witherstaff (713820) | more than 2 years ago | (#39297199)

Gil The Long ARM of the law [wikipedia.org] was a good Niven character. I know his stories mention a number of organlegging [wikipedia.org] operations - finding reasons to steal organs to sell.

Re:More medical break throughs please (0)

Anonymous Coward | more than 2 years ago | (#39294965)

Hopefully past breakthroughs in public heath will prevent the need to use organs from other sources. Seriously, tobacco smoking, alcohol, and fucking diseased people (i.e. sex) are preventable. Let's work on that first.

Re:More medical break throughs please (4, Insightful)

Anonymous Coward | more than 2 years ago | (#39294985)

Yeah, what a nightmare. Imaging if the prison industry got so big that the government started putting all sorts of people in prison for non-violet crimes. Eventually so much money would be involved that politicians would start trying to outdo each other at being tough on crime and start a never ending cycle of increasing penalties. They might even take away a judge's power to decide what penalty someone faces by creating mandating sentences. Imagine if say 1% of the US population was in prison. 1 out of 100 adults! Science fiction is scary.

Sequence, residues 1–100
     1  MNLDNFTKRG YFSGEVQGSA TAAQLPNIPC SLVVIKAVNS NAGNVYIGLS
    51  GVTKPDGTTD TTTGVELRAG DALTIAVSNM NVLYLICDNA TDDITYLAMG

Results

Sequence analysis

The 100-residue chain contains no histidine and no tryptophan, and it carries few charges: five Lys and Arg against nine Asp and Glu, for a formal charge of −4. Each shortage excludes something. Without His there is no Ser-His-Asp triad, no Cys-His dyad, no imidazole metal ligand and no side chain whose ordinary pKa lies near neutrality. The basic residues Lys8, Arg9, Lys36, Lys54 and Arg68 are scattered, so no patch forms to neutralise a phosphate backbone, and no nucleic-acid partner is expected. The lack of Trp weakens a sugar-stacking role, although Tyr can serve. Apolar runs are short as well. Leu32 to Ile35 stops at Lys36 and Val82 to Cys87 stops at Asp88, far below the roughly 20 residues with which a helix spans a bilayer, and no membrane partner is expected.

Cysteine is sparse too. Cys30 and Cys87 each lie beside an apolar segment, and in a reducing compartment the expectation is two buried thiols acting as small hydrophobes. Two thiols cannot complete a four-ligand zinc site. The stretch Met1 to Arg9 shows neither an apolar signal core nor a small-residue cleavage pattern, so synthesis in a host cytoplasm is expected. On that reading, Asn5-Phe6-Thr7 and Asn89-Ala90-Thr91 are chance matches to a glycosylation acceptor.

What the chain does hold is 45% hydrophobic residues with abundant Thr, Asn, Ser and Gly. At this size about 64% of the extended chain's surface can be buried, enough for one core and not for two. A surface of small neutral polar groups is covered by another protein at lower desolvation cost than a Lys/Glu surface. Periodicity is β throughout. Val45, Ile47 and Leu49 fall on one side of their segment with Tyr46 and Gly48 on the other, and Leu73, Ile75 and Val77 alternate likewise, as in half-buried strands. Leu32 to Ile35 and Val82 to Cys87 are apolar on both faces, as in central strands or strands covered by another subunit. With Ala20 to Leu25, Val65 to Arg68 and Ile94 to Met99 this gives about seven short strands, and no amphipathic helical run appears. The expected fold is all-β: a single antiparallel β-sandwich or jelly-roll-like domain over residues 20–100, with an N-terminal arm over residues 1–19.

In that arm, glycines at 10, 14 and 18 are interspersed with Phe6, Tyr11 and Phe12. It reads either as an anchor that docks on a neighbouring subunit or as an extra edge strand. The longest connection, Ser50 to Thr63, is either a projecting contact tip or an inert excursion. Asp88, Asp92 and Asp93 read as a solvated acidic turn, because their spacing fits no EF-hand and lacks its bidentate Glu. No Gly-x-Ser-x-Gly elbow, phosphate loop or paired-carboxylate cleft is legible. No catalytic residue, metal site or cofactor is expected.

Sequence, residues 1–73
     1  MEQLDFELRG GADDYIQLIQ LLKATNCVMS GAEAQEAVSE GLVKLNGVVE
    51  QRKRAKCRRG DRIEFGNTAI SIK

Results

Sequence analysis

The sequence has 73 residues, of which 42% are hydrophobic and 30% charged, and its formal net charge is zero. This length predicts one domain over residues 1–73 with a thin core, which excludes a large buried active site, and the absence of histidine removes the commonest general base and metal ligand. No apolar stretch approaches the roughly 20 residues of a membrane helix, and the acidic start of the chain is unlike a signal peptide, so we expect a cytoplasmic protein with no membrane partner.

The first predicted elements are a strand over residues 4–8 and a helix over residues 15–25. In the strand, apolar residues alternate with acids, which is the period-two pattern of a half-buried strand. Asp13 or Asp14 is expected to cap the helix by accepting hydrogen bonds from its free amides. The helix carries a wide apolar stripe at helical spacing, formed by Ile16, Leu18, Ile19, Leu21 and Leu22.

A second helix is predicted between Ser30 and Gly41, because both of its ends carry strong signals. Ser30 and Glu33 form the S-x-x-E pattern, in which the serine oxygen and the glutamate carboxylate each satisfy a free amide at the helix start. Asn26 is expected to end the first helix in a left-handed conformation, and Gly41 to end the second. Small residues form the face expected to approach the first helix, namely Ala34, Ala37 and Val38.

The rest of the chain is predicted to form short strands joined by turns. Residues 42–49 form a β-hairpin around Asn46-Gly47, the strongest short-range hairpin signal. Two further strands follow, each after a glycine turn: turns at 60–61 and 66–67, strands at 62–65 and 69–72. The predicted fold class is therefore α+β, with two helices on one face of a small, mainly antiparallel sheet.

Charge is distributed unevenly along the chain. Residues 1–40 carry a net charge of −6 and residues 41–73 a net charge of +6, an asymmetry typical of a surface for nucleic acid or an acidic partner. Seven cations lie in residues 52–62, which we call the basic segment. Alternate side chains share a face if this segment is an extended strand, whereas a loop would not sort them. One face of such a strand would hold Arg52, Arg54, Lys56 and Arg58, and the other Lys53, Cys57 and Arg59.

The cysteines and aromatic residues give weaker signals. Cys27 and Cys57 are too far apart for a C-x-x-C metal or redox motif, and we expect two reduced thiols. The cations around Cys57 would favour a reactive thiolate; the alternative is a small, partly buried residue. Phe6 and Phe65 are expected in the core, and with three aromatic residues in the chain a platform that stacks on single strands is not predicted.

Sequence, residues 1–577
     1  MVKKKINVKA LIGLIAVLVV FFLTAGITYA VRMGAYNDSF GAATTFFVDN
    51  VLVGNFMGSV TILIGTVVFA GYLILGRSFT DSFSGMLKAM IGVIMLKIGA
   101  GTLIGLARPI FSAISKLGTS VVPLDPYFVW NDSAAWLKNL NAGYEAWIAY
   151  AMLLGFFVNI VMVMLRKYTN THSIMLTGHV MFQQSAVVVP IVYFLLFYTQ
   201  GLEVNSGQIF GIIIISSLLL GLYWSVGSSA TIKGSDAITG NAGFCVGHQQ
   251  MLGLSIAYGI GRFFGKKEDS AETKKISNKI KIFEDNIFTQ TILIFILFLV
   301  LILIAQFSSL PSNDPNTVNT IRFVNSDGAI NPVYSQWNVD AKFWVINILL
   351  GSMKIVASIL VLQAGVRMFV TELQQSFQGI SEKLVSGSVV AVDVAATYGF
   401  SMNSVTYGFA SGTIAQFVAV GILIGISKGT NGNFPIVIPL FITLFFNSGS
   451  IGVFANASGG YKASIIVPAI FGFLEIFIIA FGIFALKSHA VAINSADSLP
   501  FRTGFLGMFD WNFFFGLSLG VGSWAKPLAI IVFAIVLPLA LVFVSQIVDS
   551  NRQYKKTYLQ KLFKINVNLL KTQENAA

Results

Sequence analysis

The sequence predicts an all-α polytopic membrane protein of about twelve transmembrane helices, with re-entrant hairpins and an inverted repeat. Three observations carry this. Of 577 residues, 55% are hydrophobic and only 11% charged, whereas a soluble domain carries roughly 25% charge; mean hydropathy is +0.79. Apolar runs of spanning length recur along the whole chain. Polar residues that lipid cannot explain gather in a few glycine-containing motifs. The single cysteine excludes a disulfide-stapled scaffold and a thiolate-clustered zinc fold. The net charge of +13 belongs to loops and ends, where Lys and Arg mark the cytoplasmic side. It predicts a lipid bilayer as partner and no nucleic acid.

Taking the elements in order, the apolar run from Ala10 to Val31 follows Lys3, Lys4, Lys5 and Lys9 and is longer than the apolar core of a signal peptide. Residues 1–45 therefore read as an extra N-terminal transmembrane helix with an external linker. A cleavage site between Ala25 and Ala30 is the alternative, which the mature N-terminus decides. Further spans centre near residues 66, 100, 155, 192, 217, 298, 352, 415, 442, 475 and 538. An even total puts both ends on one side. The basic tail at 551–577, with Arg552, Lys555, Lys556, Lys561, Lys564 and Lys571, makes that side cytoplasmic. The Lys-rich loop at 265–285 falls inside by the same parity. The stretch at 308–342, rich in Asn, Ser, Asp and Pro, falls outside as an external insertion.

Re:More medical break throughs please (0)

Anonymous Coward | more than 2 years ago | (#39300725)

The Chinese already harvest organs from those who get the death penalty. And China sentence a lot of people to death.

Re:More medical break throughs please (1)

JoeMerchant (803320) | more than 2 years ago | (#39299909)

cause I don't want to die.... ever.

Wait until you've lived with sensory deprivation (failing eyesight, hearing, taste, smell, numbness in the extremities), relative dementia (declining ability to learn, remember, reason), reduced mobility, loss of fine motor skills, and chronic pain for a few decades. Also factor in that most of your old friends are suffering similarly, or dead, and if your children are typical, they've left you in the dust long ago.